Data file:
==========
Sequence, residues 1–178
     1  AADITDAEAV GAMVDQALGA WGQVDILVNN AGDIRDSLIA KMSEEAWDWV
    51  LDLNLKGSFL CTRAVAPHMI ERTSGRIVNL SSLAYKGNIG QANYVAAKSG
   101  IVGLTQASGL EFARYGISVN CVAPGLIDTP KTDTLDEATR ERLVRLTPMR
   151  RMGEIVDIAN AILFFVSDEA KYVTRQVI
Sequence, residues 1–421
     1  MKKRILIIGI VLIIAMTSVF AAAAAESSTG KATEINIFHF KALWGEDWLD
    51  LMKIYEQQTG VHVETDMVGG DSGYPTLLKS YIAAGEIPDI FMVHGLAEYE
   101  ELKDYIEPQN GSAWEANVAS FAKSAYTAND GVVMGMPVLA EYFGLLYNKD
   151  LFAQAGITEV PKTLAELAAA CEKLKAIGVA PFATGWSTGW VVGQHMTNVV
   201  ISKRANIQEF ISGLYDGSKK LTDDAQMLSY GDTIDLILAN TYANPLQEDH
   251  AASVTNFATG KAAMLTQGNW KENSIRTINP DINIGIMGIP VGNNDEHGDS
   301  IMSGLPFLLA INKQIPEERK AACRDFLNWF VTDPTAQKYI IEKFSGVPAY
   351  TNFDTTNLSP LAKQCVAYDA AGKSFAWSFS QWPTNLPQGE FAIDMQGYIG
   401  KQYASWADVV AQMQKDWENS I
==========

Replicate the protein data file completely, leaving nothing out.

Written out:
Sequence, residues 1–178
     1  AADITDAEAV GAMVDQALGA WGQVDILVNN AGDIRDSLIA KMSEEAWDWV
    51  LDLNLKGSFL CTRAVAPHMI ERTSGRIVNL SSLAYKGNIG QANYVAAKSG
   101  IVGLTQASGL EFARYGISVN CVAPGLIDTP KTDTLDEATR ERLVRLTPMR
   151  RMGEIVDIAN AILFFVSDEA KYVTRQVI
Sequence, residues 1–421
     1  MKKRILIIGI VLIIAMTSVF AAAAAESSTG KATEINIFHF KALWGEDWLD
    51  LMKIYEQQTG VHVETDMVGG DSGYPTLLKS YIAAGEIPDI FMVHGLAEYE
   101  ELKDYIEPQN GSAWEANVAS FAKSAYTAND GVVMGMPVLA EYFGLLYNKD
   151  LFAQAGITEV PKTLAELAAA CEKLKAIGVA PFATGWSTGW VVGQHMTNVV
   201  ISKRANIQEF ISGLYDGSKK LTDDAQMLSY GDTIDLILAN TYANPLQEDH
   251  AASVTNFATG KAAMLTQGNW KENSIRTINP DINIGIMGIP VGNNDEHGDS
   301  IMSGLPFLLA INKQIPEERK AACRDFLNWF VTDPTAQKYI IEKFSGVPAY
   351  TNFDTTNLSP LAKQCVAYDA AGKSFAWSFS QWPTNLPQGE FAIDMQGYIG
   401  KQYASWADVV AQMQKDWENS I